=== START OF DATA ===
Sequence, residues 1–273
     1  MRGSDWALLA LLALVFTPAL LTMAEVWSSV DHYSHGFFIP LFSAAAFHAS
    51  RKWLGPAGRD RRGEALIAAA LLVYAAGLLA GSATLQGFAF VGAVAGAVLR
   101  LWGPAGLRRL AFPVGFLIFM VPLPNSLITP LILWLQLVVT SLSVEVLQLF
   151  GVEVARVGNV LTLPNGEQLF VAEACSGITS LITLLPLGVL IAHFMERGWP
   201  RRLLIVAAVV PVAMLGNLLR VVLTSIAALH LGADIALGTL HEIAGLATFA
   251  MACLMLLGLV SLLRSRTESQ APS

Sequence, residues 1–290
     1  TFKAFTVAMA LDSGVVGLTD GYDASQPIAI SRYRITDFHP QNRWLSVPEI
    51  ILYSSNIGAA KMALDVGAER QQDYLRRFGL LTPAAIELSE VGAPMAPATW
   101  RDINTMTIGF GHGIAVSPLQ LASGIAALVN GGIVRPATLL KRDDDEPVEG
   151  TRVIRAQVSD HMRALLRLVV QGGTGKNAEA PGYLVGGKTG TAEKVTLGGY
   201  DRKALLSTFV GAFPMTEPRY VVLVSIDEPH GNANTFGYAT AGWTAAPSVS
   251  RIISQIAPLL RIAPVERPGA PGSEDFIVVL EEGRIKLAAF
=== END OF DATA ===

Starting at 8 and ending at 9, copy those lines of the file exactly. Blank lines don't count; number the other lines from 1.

Sequence, residues 1–290
     1  TFKAFTVAMA LDSGVVGLTD GYDASQPIAI SRYRITDFHP QNRWLSVPEI